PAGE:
THE shock death of a patient sparked a care shake-up at Sunderland Royal Hospital.
An inquest heard how the sudden death of 65-year-old Pauline Adams from a kidney infection was a cause for “concern”.
The mum, from Seaham, was admitted to the city hospital on April 13 last year after experiencing pains in her left side.
Initially suspected to have kidney stones, she was kept on the emergency admissions ward until the next day when a scan revealed the severity of her condition.
The hearing was told Mrs Adams was suffering from a life-threatening infection in her kidney, caused by E.Coli, which was “ultimately due” to kidney stones.
Assistant coroner Karin Welsh said if care had been given more swiftly, it could possibly have saved her life.
A consultant urologist took an hour to arrive to assess her condition, despite being expected within half an hour after an emergency call.
“I’m concerned that she wasn’t seen earlier by the urologist,” she said.
“And that although she was admitted on the 13th, it wasn’t until 2pm the next day that the seriousness of the condition was known.
“If antibiotics had been administered earlier they may have helped the infection, but I wouldn’t say more than may.”
Eight members of Mrs Adams’s family attended the inquest, and heard how since her death on April 14, procedures have been put in place at the hospital and throughout the NHS Foundation Trust to avoid similar lapses in care.
Questions were raised by Mrs Adams’s sister Christine Allchin as to why vital information, on a fluid balance chart, was missing from her sister’s patient records.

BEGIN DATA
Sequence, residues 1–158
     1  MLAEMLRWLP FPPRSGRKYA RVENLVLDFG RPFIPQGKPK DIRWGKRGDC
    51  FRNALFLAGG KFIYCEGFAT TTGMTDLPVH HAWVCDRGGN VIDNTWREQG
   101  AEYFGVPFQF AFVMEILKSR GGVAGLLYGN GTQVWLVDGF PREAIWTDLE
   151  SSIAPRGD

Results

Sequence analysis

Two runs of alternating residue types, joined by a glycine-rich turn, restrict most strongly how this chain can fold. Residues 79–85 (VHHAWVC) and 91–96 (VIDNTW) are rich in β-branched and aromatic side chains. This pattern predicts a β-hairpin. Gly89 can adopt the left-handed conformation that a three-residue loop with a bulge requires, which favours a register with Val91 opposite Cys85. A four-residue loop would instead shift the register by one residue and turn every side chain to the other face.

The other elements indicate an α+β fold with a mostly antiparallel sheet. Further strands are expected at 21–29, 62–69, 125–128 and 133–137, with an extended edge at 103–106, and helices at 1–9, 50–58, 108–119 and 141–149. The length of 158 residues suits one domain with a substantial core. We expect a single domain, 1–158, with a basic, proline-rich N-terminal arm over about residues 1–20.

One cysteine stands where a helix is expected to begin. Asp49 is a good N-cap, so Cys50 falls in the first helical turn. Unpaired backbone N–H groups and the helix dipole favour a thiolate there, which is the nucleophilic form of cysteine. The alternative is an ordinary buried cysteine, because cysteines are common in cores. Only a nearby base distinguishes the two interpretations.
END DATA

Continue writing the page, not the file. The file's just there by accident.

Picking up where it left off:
Hospital matron Denise Simpson said: “There were missing entries and it wasn’t of the standard I would have accepted.
“There are often problems when the patient is out of the ward, but the fluid balance chart is very important for the medical staff.
“We have reviewed them and the Trust has started a chart which covers everything, so staff can mark all the observations on one chart.
“It is also now easier for nursing staff to escalate care and contact consultants.”
Karen Welsh noted that a number of factors had contributed to Mrs Adams’s death, but highlighted the need for more rapid care.
In a narrative conclusion, she said Mrs Adams died as a result of natural causes but added: “However, an opportunity to render potentially preventative treatment was lost due to circumstances beyond anyone’s control.”